Other media may have the female lead constantly proving themselves and their abilities to their male cohorts. Take Hidden Figures for instance, in a movie about three African American women who worked in NASA, they are seen dealing with constant push back and trying to reaffirm their position amongst the other scientists and mathematicians. In that particular movie there are constant roadblocks put up to deter those women from doing their jobs, such as not being allowed into meetings or being forced to use a female bathroom on the other side of the campus. While Hidden Figures and other media with female leads who encounter constant obstacles may be more realistic to the real world, it is worth noting that Beth Harmon doesn’t seem to have the same number of objections on her skill and belonging. In other words, the men around Beth don’t seem to act in an actively sexist manner by belittling her or putting down her skill. Instead their sexism is more passive because they mostly can’t believe that a woman would want to play chess due entirely to their perception of stereotypes.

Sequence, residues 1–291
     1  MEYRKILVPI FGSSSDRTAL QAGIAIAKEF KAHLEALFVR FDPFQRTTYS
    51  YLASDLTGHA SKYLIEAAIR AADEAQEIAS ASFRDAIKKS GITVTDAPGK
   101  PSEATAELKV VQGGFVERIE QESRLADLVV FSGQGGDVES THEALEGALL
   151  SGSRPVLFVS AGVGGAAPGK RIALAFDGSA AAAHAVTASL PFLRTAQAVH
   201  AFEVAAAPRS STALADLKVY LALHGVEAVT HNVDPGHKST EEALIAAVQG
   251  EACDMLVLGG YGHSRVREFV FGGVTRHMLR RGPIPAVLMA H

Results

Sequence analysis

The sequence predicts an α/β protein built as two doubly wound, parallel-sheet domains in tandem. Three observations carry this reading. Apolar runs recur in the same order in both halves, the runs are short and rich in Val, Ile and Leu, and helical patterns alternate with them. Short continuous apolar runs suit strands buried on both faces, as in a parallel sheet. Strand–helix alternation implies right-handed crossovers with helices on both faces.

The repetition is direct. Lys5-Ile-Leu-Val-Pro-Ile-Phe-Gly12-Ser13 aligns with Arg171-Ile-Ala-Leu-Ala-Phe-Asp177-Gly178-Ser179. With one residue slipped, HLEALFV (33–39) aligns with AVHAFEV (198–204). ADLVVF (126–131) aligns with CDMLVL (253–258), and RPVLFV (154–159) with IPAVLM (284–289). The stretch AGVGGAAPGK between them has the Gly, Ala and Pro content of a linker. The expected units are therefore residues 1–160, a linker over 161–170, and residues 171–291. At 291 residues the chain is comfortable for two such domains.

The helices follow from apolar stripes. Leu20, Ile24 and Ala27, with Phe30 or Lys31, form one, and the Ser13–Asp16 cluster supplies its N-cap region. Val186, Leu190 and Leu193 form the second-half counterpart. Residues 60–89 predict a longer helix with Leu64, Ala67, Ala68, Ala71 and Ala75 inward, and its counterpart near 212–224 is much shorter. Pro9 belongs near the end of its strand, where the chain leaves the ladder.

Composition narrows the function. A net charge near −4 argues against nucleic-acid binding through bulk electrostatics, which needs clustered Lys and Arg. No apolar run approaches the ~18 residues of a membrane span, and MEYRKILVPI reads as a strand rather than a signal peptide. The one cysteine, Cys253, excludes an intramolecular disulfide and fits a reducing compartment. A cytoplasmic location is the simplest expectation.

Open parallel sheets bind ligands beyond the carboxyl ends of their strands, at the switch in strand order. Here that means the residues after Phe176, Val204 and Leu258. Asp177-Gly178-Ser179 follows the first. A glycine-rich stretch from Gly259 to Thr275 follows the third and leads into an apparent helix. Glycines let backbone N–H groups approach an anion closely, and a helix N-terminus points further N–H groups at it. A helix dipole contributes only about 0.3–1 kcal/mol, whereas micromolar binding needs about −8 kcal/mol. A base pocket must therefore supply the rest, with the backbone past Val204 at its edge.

In conclusion, a feminist analysis of The Queen’s Gambit will show how Beth Harmon navigates the predominately male chess world along with how other women have managed to fit into the world. The surprising outcome of the analysis is noticing the show’s avoidance of typical gender discrimination tropes which leads to a viewing of a patriarchy that is more accepting yet still hesitant at a female’s interest and skill at chess. Which comes at the cost of potentially seeming less realistic. Though Beth Harmon is an outlier within the show as there are depictions of other women who fall into more classical portrayals, or stereotypes, of women. While feminism is about individuality and choice meaning that a person should be able to decide to how much they want to fit into certain stereotypes, there should still be broad depictions of people across media to show the possible ways one can choose to fit into the world around them instead of feeling locked into default life options. The Queen’s Gambit seems to do a good job of showing the different ways that people can fit into the world with the choices they have made.


Ott, B. L., & Mack. R. L. (2020).  Critical media studies: An introduction (3rd ed.) John Wiley & Sons, Incorp.

Alan Scott (Writer), and Scott Frank (Director). (2020) The Queen’s Gambit Los Gatos, CA, Netflix

Allison Schroeder (Writer), and Theodore Melfi (Director). (2017) Hidden Figures Los Angeles, Ca 20th Century Fox